Role Of Leaf- And Rhizosphere-associated Bacteria In Reducing Air Pollution Of Industrial Cities In Saudi Arabia
Free (open access)
447 - 455
M. A. Khiyami
With the establishment of industrial cities such as Jubail and Yanbu, Saudi Arabia has been increasing its efforts to protect the country from various environmental hazards, several air quality monitors and meteorology network stations are operated throughout the kingdom to monitor parameters such as sulfur dioxide, ozone, nitrogen oxide, and hydrogen sulfide. As a result, air pollution in the Saudi cities is the lowest in the Middle East. Microorganisms play a major role in removing pollutants from water, soil and air. Leaf- and rhizosphere-associated bacteria have an impact in reducing air pollution. Plant species growing in the industrial cites were studied by scanning electron microscopy (SEM) to observe the bacteria. Seventeen bacterial colonizations of leaves and rhizosphere were identified by API, biochemical tests, and PCR. The ability of the isolates to biodegrade different air and soil pollutants such as phenol, sulfate and nitrogen compounds was examined. Furthermore, the ability of leaf isolates to produce Extracellular polysaccharide (EPS) was examined. Keywords: industrial cities, emission, pollutants, bacteria, rhizosphere, biodegradation, extracellular polysaccharide. 1 Introduction Saudi Arabia is strategically located in the southwest corner of Asia, at the crossroads of Europe, Asia and Africa. Jubail and Yanbu are two major industrial cities in Saudi Arabia on the eastern and western coasts. The Royal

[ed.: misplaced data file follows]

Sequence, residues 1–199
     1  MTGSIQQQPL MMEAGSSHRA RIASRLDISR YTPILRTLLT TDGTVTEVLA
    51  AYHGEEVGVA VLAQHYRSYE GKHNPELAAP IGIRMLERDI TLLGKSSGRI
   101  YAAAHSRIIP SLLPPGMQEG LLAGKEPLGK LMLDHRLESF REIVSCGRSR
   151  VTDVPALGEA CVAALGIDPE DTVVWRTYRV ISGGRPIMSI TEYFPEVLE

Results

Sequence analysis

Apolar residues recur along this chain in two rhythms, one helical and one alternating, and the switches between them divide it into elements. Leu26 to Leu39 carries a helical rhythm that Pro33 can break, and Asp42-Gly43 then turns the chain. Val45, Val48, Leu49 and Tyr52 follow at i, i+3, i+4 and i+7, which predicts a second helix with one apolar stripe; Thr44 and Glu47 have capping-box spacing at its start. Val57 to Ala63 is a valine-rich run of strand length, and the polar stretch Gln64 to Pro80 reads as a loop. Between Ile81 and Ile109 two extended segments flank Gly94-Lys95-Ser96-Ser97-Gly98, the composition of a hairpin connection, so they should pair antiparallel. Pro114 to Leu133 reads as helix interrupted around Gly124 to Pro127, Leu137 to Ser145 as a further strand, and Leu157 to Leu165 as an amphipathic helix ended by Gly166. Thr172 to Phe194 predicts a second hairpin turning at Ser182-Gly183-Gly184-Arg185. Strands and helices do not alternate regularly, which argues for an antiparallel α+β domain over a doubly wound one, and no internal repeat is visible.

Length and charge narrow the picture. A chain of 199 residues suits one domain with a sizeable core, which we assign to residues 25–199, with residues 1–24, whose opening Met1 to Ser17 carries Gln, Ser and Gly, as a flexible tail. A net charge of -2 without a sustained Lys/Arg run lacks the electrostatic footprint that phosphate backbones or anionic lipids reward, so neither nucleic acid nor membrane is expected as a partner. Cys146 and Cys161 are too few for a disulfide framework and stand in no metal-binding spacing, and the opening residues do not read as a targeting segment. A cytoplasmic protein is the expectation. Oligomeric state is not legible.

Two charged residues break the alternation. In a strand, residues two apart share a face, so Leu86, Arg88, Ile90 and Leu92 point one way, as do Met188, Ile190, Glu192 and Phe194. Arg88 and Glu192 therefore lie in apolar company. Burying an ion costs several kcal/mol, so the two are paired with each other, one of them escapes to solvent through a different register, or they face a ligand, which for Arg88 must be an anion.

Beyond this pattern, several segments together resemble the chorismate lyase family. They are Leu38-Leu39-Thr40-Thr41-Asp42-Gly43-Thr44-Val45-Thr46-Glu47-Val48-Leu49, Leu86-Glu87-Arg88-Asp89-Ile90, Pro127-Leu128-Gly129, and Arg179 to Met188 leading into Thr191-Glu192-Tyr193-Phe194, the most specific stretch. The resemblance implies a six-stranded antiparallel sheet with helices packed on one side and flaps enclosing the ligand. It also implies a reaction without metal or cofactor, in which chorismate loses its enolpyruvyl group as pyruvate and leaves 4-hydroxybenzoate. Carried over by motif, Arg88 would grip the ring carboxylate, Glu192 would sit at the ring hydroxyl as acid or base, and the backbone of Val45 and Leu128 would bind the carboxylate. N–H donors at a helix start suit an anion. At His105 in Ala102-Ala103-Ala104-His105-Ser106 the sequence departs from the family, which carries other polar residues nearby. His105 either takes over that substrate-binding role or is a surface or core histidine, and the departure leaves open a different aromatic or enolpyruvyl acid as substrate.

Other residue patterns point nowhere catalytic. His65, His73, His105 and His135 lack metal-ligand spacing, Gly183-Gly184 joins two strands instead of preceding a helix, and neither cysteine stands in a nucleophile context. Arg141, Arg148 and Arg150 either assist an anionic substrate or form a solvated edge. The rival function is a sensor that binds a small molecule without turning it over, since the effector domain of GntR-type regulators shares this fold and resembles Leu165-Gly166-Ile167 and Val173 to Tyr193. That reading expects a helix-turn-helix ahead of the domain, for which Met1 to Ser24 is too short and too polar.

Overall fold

industrial cities, emission, pollutants, bacteria, rhizosphere, biodegradation, extracellular polysaccharide.